The Thames

Passing Cranes along the Thames
Passing Cranes along the Thames
Sea Reach
Sea Reach

20th October 2013

The alarms rang simultaneously at 0500 and I poured a splosh of meths into the saucer to preheat the burner for a quick coffee before we set off. We quickly donned our wet weather gear although it wasn’t yet raining and didn’t look too bad under the full moon. The tide was ebbing out of the Medway so we let go the warps and set off. Ironically there wasn’t much wind although it had been blowing over night. We motored past Garrison Point and hoisted the yankee soon to be followed by the main with a couple of pre-emptive reefs tucked in. We waited to clear around the stern of a ship before heading north to Grain Edge (unlit!) and the crossing of the shallow water before joining the Thames for real. Another ship was unusually leaving the Thames and heading for the Medway. I wasn’t really expecting to be dodging so many ships so early. The wind had now kicked in and I was glad of the small main. In all of Sumara’s thousands of miles sailing she has only been knocked down twice – both in the Thames!
Sailing up the Thames has certain challenges. On a spring tide, like today, there is a fair bit of current. If the wind is slack great care must be taken not to be swept into jetties or against moored barges. Sailing at night can be deceptive as there are many unlit mooring buoys and dim lights that blend into the city back scatter. When short tacking the frequent ships add to the fun especially near Tilbury but the biggest danger to my mind are other yachts who often seem oblivious to their actions.
In the Sea Reach great foreboding clouds came across and strong winds forced the lee rail under. A dredger seemed concerned that we would run aground and called up VTS on 68 to express their concerns on air. We tucked in a tack to calm them down but actually had enough water to sail on for another 100 m (unless the dredger knew something we didn’t!). The wind now decided to shift to more south westerly so more short tacks were tucked in before we could just make Tilbury. Here we came across a large dredger underway called Victor Horta. We heard him call up to say he was going to berth starboard to at Tilbury. I called him to ask if he wanted me out of the way and he asked if we could pass to the south. We hardened up but as he slowed and we sped up I was getting very close to his stern with a lot of prop wash it was getting a bit hairy so I applied a bit of engine to clear out of his way as fast as I could.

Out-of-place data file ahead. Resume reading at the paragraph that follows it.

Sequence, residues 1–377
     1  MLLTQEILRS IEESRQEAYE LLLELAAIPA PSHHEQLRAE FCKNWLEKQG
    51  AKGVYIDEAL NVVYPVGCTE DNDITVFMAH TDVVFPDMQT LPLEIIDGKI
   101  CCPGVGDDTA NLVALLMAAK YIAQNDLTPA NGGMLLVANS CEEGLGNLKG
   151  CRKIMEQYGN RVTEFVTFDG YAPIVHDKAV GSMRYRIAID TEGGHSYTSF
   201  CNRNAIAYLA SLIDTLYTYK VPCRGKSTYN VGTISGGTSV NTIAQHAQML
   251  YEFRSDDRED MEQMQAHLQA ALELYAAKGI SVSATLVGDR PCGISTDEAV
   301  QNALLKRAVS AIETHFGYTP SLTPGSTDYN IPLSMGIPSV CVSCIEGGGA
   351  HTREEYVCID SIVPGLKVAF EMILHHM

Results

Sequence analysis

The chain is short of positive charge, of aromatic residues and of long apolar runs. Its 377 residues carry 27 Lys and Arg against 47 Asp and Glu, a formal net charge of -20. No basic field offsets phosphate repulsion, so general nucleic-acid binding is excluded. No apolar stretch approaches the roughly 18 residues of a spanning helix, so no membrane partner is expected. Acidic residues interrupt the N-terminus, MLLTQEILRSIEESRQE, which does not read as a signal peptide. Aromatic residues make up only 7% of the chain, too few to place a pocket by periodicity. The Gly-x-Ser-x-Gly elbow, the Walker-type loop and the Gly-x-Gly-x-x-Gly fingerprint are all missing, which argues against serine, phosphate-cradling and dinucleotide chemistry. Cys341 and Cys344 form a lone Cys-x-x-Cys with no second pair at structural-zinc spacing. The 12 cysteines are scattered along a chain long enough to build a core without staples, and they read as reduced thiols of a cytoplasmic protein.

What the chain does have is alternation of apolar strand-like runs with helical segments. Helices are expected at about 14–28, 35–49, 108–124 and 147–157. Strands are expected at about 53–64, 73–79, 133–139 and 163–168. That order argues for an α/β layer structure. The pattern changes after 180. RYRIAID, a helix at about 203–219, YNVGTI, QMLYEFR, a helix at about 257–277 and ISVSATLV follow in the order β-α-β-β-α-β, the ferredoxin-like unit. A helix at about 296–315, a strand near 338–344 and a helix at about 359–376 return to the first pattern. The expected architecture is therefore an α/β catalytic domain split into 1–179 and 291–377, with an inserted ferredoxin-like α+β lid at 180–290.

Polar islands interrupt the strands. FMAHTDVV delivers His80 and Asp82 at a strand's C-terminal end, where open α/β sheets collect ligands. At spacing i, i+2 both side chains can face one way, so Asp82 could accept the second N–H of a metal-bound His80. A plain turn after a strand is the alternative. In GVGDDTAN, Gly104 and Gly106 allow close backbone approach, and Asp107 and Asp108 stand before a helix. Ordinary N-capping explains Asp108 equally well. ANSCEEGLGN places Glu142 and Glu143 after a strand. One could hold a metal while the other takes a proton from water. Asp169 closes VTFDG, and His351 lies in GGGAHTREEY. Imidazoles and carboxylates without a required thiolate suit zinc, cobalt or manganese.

We then enjoyed the brisk and by now wet sail further upstream until we came upon a whole fleet of yachts. Well about ten of them, which is a lot for this kind of weekend in October. As we approached the barrier we were going to need a final tack but a small red yacht came bearing down on us. I hardened up but there was no way I could clear the moored barges that we were being swept towards. Our predicament was pretty obvious but the little red yacht ploughed on. I shouted out but they just came on. If I tacked I would have definitely rammed them. The 30 second warm start on the engine was going to be touch and go but I reached for the starter in the hope it would kick in a bit earlier as Sumara went into irons being unable to tack.

With the moored barges coming towards us at a couple of knots the engine did eventually start as the little boat sailed past seemly totally unaware of the situation. Maybe they would have got out of the way at the last moment but it seemed very thoughtless to force a hard pressed yacht into moored barges for the sake of a minor course charge.

We passed through the barrier under power and sail but the wind was so gusty and with more river traffic we deicide to call it day and motor the last few miles to South Dock and what is now our home.


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